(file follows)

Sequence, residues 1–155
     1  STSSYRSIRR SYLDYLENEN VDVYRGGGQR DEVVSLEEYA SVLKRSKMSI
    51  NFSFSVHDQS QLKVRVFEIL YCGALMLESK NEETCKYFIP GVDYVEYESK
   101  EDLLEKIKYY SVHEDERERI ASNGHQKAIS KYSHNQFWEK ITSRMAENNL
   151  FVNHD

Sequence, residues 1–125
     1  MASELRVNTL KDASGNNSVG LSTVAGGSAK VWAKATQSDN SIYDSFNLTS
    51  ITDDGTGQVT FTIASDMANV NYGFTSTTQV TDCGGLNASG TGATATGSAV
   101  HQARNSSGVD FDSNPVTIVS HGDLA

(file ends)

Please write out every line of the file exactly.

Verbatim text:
Sequence, residues 1–155
     1  STSSYRSIRR SYLDYLENEN VDVYRGGGQR DEVVSLEEYA SVLKRSKMSI
    51  NFSFSVHDQS QLKVRVFEIL YCGALMLESK NEETCKYFIP GVDYVEYESK
   101  EDLLEKIKYY SVHEDERERI ASNGHQKAIS KYSHNQFWEK ITSRMAENNL
   151  FVNHD

Sequence, residues 1–125
     1  MASELRVNTL KDASGNNSVG LSTVAGGSAK VWAKATQSDN SIYDSFNLTS
    51  ITDDGTGQVT FTIASDMANV NYGFTSTTQV TDCGGLNASG TGATATGSAV
   101  HQARNSSGVD FDSNPVTIVS HGDLA